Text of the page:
The basic idea behind this exhibit is to supplement the existing Oceanic collection at the MNC with Polynesian and Micronesian artefacts from other musea, most notably the Field Museum in Chicago.

As for my part in all of this, I have been hired as Research Assistant to the Curator of this exhibit, Dr. Raffaela Cedraschi, who is a permanent curator and researcher at the MNC and has previously organized a major and very successful exhibit involving African artefacts from other of the MNC’s collections. We are now working on a draft paper that will function as our project proposal.

The basic concept is to organize the exhibit in such a way that it highlights all three major traditional regions of Oceania – Melanesia, Polynesia and Micronesia. Australia will not figure in this exhibition. However, we want this to be a dynamic exhibit, which highlights key aspects of Oceanic cultures and cosmologies, and have decided to experiment a little bit with how we conceptualise and present the various exhibits. Thus far, we have thought of dispensing with the traditional Melanesia-Polynesia-Micronesia division and have begun to settle on a five-part scheme which is designed on the basis of five more or less pan-Oceanic concepts, or fundamentals, which are: Moana, Fanua, Mana, Tamate (or tapu) and Kula [these last two are tentative, since they are more geographically-bound terms].

These concepts are intended to allow us to organize the artefacts on the basis of the basic ideas that they evoke, namely, the sea and maritime environment, land and territorial identity, power, ancestry/topogeny/fractality and the supernatural, and exchange/circulation as the basis for creating social value. 

The point is to try to break free of coherent and predetermined socio-geographic boundaries and emphasize the interconnected and dynamic nature of Oceanic societies.

There it is, in a nutshell. Any comments, advice and/or critiques are warmly welcomed.

 

Rosa y Miguel Covarrubias (photographer unknown)

Rosa & Miguel Covarrubias (photographer unknown)

In praise of Sir Raymond Firth (1)

Posted in Fieldwork (Melanesia) on September 9, 2008 by salul

A few years ago, while working on a chapter in my PhD thesis relating to the ritual significance 

We, the Tikopiaof the Torres Islands stone ovens (L-T: gwe), I ran into the unabridged first edition (1936) of We, the Tikopia. To my astonishment, I discovered that 
for much of the opening descriptions in the book Sir Raymond went on and on about ovens, cooking and -most importantly- the various roles that diverse people played in the construction of ovens and the cooking process. In his words:

Cooked food has a direct bearing on kinship in that so many obligations are fulfilled in terms of food, and to some extent the nature and quality of the dish are indices of the timbre, as it may be called, of the relationship. (We, the Tikopia, 1967: 103)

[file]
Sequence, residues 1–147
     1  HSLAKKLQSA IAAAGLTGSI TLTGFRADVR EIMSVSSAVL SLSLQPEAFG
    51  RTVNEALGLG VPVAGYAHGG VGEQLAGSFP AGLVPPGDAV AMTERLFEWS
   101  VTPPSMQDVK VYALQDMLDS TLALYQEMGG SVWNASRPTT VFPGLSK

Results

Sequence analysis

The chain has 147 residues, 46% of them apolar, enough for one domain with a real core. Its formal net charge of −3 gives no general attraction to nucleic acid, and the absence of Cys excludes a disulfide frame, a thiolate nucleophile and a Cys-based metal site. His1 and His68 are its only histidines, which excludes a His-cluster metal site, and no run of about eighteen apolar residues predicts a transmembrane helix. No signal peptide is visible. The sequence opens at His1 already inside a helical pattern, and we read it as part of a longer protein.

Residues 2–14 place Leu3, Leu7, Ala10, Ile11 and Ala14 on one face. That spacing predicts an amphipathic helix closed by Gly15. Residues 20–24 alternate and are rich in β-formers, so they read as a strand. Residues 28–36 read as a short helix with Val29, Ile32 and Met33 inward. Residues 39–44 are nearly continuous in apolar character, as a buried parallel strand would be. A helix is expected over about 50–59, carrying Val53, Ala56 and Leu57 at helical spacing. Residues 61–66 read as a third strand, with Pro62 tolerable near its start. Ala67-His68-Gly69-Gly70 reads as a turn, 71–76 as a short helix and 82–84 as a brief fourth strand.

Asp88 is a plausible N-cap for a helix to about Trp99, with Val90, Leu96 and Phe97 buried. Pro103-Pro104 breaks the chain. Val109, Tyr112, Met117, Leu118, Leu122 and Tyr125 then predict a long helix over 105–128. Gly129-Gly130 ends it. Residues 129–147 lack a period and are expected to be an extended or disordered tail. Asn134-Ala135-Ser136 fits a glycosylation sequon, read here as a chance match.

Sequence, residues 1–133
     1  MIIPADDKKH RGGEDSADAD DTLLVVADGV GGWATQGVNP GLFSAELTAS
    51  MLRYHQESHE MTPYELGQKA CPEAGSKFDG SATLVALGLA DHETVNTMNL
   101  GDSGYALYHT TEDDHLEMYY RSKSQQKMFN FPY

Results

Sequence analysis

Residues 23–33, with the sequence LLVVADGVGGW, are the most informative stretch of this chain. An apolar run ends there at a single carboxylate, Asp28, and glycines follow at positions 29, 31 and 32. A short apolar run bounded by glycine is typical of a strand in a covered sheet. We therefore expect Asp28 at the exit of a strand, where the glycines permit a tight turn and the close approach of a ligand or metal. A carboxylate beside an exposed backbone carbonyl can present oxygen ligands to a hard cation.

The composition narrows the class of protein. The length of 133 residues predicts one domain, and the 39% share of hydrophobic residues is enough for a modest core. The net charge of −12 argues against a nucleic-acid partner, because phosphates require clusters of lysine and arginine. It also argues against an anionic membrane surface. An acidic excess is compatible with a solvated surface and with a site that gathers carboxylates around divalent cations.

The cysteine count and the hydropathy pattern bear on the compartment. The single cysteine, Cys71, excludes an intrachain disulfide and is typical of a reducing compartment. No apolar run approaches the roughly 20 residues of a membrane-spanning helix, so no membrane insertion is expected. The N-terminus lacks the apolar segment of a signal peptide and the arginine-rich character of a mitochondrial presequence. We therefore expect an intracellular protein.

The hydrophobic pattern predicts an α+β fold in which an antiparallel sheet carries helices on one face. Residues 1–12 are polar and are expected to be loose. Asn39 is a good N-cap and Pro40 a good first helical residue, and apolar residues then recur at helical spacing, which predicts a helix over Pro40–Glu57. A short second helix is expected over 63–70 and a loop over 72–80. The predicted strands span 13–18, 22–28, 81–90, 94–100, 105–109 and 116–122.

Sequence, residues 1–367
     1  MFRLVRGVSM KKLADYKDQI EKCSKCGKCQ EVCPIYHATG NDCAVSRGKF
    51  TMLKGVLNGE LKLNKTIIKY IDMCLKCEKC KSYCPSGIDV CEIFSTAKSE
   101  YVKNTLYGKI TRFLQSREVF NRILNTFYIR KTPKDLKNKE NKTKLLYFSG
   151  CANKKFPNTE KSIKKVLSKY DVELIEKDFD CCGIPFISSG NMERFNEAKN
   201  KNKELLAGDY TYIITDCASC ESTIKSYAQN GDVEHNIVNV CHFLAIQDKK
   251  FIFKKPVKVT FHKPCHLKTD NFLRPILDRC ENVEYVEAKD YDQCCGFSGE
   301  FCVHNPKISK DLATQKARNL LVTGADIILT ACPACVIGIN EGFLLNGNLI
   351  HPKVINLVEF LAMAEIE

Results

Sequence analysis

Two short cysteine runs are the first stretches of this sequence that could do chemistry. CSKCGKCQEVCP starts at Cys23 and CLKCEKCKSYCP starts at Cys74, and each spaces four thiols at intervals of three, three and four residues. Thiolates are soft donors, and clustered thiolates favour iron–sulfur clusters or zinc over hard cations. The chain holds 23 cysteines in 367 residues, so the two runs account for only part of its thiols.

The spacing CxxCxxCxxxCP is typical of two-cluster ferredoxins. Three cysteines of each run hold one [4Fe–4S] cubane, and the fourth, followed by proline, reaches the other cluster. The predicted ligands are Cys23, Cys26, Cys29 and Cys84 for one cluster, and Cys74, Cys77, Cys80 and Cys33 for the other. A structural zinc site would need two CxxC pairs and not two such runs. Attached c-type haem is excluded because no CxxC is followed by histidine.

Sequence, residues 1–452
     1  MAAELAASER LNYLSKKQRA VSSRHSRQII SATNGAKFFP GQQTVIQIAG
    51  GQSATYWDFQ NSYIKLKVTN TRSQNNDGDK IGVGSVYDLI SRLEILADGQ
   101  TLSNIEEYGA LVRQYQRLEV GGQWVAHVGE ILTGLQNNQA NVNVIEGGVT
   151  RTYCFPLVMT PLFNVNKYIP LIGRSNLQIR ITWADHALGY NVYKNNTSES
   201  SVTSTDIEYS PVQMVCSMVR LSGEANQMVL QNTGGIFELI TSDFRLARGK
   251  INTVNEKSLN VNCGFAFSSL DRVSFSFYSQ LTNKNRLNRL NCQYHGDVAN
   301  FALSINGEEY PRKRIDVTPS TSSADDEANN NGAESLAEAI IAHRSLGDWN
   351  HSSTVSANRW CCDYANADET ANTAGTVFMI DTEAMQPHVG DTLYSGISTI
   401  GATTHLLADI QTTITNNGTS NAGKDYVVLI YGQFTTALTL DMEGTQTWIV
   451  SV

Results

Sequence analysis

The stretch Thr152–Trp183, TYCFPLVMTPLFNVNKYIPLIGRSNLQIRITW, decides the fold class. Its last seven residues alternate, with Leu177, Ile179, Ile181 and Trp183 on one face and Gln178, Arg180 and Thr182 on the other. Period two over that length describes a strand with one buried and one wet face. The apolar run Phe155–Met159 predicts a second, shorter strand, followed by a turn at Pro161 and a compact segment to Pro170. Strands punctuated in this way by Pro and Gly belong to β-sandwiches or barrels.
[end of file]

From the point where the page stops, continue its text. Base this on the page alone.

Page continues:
If I haven’t lost you yet, the points I want to make here are twofold.

First, as I have discovered over the course of several field trips to theA Torres Islands gwe Torres, many of the key moments of ritual exchange in North Vanuatu (and across the broader North Van-South East Sols region) are intimately related not only to cooking, but to the full process of constructing a stone oven, cooking the relevant food, and finally, distributing the kakae. In effect, it is clear to me that ovens are inseparable from, and indeed function as key indices for, the manner in which relationships – both ritualised and quotidian- play themselves out in local and regional socioscapes. This much was clear to Firth himself, who, when describing the “principal avenues” of his approach to kinship, mentioned biography, residence, linguistics, material culture, and what he referred to as “the alimentary approach”.

Old Oceania hands will realise that I’m not saying anything new here. Nevertheless, as Pat Kirch and Roger Green pointed out some time ago,

“The comparative ethnography of food is a neglected topic.” They also noted that “Perhaps only in Firth’s classic, We, the Tikopia is the entire process from lighting the earth oven to the consumption of the family meal exquisitely detailed”, but mentioned that “Inexplicably, the fascinating section detailing Tikopian recipes was eliminated from the later, paperback edition now read by students.”

The second point I wanted to make, and that I suppose will come up again in future references to Firth, is the exquisite style of ethnographic narrative that is to be found throughout his ouvre. His was a careful, meticulous, and sometimes even lyrical form of description; importantly, it was rendered in such a way that the analysis never really got in the way of the descriptive flow, thereby making for quite a page-turner (at least in my eyes), by which I mean a very lengthy, but ultimately fluid, sort of ethnographic text. More importantly, to one familiar with the context of Melanesian anthropology, the richness of his ethnographic descriptions and insights in We, the Tikopia are all the more impressive when one considers that the first and original period of fieldwork from which that book emerged lasted only for twelve months. Certainly I speak for myself when I say that many of Firth’s first observations carry a sensibility regarding the nuances of local cosmology and values which I have only begun to experience after four return trips to the Torres Islands (from which, incidentally, one can spy Tikopia on a REALLY clear day…if standing on the top of the highest rise on Hiw island).